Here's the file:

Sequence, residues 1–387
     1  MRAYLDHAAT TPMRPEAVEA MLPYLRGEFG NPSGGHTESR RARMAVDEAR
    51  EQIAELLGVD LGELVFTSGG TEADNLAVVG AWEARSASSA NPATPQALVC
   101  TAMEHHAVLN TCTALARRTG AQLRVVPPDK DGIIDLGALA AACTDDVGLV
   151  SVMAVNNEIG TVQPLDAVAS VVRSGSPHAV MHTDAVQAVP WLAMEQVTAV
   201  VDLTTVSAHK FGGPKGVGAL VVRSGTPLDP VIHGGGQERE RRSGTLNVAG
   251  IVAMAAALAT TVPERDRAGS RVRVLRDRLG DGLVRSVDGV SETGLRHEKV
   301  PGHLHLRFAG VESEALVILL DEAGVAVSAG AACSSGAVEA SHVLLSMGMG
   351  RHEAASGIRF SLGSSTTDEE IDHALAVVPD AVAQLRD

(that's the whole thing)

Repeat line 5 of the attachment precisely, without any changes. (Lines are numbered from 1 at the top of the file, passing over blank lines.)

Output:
   151  SVMAVNNEIG TVQPLDAVAS VVRSGSPHAV MHTDAVQAVP WLAMEQVTAV